UN limits melamine in formula after China scandal
ROME (AP) - A U.N. commission has set a recommended limit on the amount of melamine allowed in liquid infant formula after a 2008 scandal in China in which six babies died from drinking formula and milk products containing the industrial chemical. Two years ago, the U.N. food security body known as the Codex Alimentarius Commission set the maximum limit of melamine in powdered infant formula at 1 milligram per kilogram of formula. On Wednesday, the commission said it had adopted a limit for liquid formula at 0.15 milligrams/kilogram.
Russia fears new epidemic of synthetic marijuana
MOSCOW (AP) - Russia's leading anti-drug crusader says the abuse of synthetic marijuana is turning into a "horrible" epidemic in his country. Experts say a range of hallucinogens known as "spice" are very hard to kick, and addicts lose sleep, weight and get kidney and brain disorders from them.
Puerto Rico sees sharp spike in dengue cases
SAN JUAN, Puerto Rico (AP) - The number of detected dengue cases is running at above-average levels as Puerto Rico enters the peak season for the painful disease. The territory's Health Secretary Lorenzo Gonzalez says 111 cases were reported the first week of June and 117 cases the previous week. Eight cases of the more-severe hemorrhagic form have been confirmed, though no one has died.
2 paths forward for uninsured, 1 clouded by ruling
WASHINGTON (AP) - Really? The Supreme Court's big health care decision means 30 million or more uninsured Americans are soon going to have coverage? It's far from that simple. The ruling does point a way forward for millions who can't get affordable coverage because they've been sick, they're self-employed or they are otherwise shut out of the insurance plans that most Americans get in the workplace. But the path is clouded for millions more: the people on the bottom rungs of the economic ladder who are supposed to be reached by a major expansion of Medicaid.
FDA approves first rapid, take-home HIV test
WASHINGTON (AP) - Americans will soon be able to test themselves in the privacy of their own homes for the virus that causes AIDS, now that the Food and Drug Administration has approved the first rapid, over-the-counter HIV test. The OraQuick test detects the presence of HIV antibodies using a mouth swab and returns a result in 20 to 40 minutes.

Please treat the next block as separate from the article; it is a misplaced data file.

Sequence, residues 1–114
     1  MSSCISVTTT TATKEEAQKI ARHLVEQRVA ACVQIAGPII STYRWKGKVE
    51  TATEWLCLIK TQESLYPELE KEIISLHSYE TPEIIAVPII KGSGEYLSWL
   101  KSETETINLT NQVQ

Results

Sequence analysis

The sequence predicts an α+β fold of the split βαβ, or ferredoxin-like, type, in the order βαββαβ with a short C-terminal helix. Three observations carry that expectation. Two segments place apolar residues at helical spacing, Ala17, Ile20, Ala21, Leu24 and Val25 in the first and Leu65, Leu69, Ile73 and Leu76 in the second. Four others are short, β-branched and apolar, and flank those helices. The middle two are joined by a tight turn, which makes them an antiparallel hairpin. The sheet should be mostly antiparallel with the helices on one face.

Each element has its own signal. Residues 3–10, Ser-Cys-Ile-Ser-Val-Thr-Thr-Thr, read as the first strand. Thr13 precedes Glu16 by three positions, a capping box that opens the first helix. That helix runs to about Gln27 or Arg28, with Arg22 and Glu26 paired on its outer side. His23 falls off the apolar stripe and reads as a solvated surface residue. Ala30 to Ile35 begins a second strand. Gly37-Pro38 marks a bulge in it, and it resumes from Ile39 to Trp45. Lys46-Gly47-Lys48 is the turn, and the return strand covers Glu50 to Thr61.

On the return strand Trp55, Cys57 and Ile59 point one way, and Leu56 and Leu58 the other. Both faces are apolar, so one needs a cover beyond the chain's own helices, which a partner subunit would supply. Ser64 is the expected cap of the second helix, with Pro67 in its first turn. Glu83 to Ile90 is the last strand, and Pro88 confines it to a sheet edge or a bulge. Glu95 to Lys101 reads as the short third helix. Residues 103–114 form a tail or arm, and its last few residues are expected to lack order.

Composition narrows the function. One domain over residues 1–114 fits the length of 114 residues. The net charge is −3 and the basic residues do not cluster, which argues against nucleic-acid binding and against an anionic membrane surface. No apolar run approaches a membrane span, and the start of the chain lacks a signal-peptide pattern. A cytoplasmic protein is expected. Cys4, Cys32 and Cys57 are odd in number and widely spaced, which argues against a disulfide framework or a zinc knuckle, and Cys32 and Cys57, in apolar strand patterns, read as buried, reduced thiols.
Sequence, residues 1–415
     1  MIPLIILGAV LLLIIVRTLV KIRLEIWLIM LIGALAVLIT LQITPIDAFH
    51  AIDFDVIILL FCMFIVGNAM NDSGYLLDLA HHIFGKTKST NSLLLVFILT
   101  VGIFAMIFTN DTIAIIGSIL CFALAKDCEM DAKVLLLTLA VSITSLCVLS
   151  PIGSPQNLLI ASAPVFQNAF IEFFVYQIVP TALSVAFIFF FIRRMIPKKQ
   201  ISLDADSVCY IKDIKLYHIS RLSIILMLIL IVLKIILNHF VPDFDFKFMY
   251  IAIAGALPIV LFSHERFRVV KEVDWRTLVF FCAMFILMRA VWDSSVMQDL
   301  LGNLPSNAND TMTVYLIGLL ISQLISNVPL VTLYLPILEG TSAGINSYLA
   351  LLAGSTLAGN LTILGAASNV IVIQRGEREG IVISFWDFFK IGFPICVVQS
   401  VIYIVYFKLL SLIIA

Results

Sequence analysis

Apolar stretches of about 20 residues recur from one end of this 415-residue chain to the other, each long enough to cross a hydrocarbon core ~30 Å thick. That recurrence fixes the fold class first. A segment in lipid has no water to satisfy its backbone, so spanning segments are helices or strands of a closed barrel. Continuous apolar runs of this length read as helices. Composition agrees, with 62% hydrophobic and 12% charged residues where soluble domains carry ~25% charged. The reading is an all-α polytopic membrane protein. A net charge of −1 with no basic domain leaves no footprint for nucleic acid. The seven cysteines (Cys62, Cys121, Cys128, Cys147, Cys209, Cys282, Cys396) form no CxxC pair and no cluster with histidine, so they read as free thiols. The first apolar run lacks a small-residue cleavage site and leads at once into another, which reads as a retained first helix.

Mystery disease kills 61 kids in Cambodia
PHNOM PENH, Cambodia (AP) - A World Health Organization expert says it's too early to know whether a mixture of known diseases or something new is responsible for the deaths of more than 60 children in Cambodia. The mystery disease has killed 61 of the 62 children hospitalized since April, but there's no indication it is spreading from person to person. Patients suffer a high fever, followed by severe respiratory problems that progress quickly. Some also experience neurological symptoms.
SPIN METER: When 'tax' is a 4-letter word
WASHINGTON (AP) - At least in politics, "tax" is a four-letter word. So when the Supreme Court ruled that the penalty for not obtaining health insurance is constitutional because it works like a tax, politicians began squirming over what to call that Thing in President Barack Obama's health care law.
Methadone deaths still high but may have peaked
ATLANTA (AP) - Overdose deaths from powerful painkillers have been surging at an alarming rate in the U.S., but here's a sliver of good news: The number blamed on methadone appears to have peaked. Still, methadone accounts for nearly one-third of prescription painkiller deaths, the Centers for Disease Control and Prevention reported Tuesday.
Mass. health law may bode well for federal law
BOSTON (AP) - Massachusetts has the nation's highest rate of residents with health insurance. Visits to emergency rooms are beginning to ease. More residents are getting cancer screenings and more women are making prenatal doctors' visits. Still, one of the biggest challenges for the state lies ahead: reining in spiraling costs.
GlaxoSmithKline to pay $3B for health fraud
TRENTON, N.J. (AP) - British drugmaker GlaxoSmithKline will pay $3 billion in fines - the largest health care fraud settlement in U.S. history - for criminal and civil violations involving 10 drugs that are taken by millions of people. The Justice Department said Monday that GlaxoSmithKline PLC will plead guilty to promoting popular antidepressants Paxil and Wellbutrin for unapproved uses. The company also will plead guilty to failing to report to the government for seven years some safety problems with diabetes drug Avandia, which was restricted in the U.S. and banned in Europe after it was found in 2007 to sharply increase the risks of heart attacks and congestive heart failure.